Herodotus in Nubia is a brief monograph. Of its five chapters the first two are introductory. The first chapter is a well-informed survey of recent Herodotean scholarship, highlighting the tendency of even the best scholars to rely on outdated Egyptological works such as those of E. A. W. Budge in commenting on the Aithiopian passages of the Histories. Török recognizes the importance of recent work on the literary character of the Histories and the consequent limitations of old style Quellenforschung. At the same time, while he admits, for example, the cogency of D. Fehling’s arguments against Herodotus’ visiting Upper Egypt, he eschews Fehling’s contentious general conclusions concerning the fictive nature of Herodotus’ source citations. A serious and surprising omission in his discussion of contemporary Herodotean scholarship, however, is consideration of the recent publication of Demotic papyri paralleling some of Herodotus’ Egyptian tales, particularly a fragmentary papyrus published by K. Ryholt4 that strongly suggests the existence of an Egyptian source for one of the most important sections of Herodotus’ account of Aithiopia, his story of the deserters called the Asmach. An excursus containing a brief but thoroughly documented overview of the history of Kush from the eighth to the mid-fifth century BCE closes the chapter.
Passages from Herodotus are cited throughout the monograph in English translation. The principal texts concerning the Aithiopians, however, are collected in the second chapter. For most of the texts Török reprints the translation of Tormond Eide published in the first volume of Fontes Historiae Nubiorum.5 Passages that are not included in FHN are cited in the familiar translation of A. de Sélincourt as revised by J. Marincola with the exception of Herodotus 3.97, for which Török follows my translation.6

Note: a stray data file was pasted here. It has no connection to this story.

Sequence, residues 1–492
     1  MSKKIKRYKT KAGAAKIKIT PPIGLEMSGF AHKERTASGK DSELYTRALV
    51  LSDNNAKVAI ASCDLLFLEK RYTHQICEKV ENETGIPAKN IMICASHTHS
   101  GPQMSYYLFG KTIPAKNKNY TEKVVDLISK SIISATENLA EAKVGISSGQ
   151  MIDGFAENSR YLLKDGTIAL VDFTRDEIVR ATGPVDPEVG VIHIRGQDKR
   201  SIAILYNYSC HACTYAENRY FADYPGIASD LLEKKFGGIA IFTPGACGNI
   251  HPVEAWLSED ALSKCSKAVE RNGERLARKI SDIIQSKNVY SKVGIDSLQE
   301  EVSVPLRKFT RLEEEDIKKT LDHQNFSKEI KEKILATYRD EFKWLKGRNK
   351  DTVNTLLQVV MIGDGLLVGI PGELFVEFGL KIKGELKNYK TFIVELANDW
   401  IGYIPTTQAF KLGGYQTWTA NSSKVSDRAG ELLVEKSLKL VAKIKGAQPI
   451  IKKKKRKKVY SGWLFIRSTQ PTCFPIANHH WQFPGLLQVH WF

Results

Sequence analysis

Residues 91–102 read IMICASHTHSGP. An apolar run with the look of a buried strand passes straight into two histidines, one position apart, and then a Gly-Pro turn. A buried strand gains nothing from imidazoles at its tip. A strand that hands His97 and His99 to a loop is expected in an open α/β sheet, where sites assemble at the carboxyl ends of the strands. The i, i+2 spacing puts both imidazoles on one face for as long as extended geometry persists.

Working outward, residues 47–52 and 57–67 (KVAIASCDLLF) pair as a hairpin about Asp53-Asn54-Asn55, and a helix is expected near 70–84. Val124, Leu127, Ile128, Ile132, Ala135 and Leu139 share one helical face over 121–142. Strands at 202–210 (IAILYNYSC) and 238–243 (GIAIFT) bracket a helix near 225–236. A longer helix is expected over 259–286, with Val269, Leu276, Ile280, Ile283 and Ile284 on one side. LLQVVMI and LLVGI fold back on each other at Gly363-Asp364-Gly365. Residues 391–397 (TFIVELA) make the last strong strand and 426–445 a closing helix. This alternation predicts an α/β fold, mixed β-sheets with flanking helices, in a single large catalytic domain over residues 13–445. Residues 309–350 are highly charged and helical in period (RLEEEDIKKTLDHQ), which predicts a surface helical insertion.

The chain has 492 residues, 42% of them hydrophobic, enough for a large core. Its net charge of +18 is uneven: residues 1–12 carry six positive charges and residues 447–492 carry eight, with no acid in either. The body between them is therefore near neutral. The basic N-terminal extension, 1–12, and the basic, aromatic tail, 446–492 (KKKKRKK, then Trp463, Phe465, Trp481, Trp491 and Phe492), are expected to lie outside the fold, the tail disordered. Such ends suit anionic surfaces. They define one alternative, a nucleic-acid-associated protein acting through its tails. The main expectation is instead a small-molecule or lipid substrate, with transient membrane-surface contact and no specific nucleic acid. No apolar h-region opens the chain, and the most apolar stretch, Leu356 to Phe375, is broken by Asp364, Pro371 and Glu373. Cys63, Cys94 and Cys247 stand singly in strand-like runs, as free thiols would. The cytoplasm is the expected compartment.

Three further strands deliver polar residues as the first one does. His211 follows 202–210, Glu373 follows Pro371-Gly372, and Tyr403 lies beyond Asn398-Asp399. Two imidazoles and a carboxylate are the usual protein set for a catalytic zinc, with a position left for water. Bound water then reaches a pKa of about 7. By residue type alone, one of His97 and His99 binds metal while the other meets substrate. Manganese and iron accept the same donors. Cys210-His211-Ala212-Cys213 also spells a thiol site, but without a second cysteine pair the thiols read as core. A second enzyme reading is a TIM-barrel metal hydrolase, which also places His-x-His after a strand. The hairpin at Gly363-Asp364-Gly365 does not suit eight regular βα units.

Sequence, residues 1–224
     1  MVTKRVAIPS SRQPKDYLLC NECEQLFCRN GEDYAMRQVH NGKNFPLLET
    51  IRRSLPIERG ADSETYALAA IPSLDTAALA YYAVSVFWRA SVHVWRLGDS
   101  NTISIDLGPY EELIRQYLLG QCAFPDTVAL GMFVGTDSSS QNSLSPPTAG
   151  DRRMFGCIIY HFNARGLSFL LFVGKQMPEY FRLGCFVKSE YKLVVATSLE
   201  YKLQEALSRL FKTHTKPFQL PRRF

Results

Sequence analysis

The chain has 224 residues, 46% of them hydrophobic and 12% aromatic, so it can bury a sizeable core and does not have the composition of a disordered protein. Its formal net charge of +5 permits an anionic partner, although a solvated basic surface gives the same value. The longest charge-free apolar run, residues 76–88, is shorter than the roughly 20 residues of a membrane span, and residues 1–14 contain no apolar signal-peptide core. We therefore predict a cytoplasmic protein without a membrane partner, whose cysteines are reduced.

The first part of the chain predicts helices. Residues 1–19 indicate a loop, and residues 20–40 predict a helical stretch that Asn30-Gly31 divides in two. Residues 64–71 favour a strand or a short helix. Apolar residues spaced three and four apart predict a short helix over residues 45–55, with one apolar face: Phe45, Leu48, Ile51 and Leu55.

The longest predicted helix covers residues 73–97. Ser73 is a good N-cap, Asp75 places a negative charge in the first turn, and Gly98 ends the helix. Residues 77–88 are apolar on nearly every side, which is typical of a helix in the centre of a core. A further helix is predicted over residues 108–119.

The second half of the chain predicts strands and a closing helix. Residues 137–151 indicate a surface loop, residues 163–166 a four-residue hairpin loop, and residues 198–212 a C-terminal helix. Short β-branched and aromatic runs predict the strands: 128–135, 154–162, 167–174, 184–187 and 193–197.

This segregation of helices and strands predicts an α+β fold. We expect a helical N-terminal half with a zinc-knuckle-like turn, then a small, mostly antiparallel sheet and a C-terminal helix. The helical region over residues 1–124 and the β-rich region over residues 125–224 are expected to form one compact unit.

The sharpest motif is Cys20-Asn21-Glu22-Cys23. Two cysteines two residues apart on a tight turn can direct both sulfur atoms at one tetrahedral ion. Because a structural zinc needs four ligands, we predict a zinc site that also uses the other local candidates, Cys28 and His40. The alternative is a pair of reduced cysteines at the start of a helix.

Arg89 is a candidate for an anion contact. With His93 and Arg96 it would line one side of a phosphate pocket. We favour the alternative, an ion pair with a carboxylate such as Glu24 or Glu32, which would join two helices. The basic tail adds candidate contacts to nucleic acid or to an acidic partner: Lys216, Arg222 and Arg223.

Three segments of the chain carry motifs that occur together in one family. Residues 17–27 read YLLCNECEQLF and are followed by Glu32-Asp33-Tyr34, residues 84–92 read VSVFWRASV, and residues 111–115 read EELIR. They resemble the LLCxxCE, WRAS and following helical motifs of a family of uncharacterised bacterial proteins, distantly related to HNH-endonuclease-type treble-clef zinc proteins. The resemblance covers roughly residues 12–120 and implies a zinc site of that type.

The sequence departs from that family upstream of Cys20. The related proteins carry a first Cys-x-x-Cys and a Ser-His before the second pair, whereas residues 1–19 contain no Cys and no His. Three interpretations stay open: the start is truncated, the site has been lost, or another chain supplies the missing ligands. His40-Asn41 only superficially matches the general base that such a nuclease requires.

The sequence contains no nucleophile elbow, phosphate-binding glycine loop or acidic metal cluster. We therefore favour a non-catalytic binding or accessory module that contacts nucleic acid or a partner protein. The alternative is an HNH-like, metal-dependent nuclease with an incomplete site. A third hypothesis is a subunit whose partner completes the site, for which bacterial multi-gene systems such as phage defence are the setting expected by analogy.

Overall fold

The third and fourth chapters form the core of the monograph. The first considers the function of the Aithiopian passages in Herodotus’ overall narrative and the second systematically compares his image of Aithiopia with current knowledge of the historical reality of ancient Nubia.
Chapter three treats an essentially literary problem, namely, whether or not the references to Aithiopia scattered through the Histories are fragments of an unfinished Aithiopian logos. On the basis of a careful analysis of the narrative functions of these passages the author convincingly argues that Herodotus never intended to write an Aithiopian logos. Instead, the information in the Aithiopian passages was collected in order to support the narrative contexts in which they occur and from which they cannot be separated. Thus, the texts concerning Sesostris, Shabako, Asychis, and Psammis are integral to his account of Egyptian history, the account of the Nile in Nubia continues his description of the geography of Egypt, and the account of Cambyses’ Aithiopian campaign and the related description of the Long-Lived Aithiopians belongs to the history of Persia.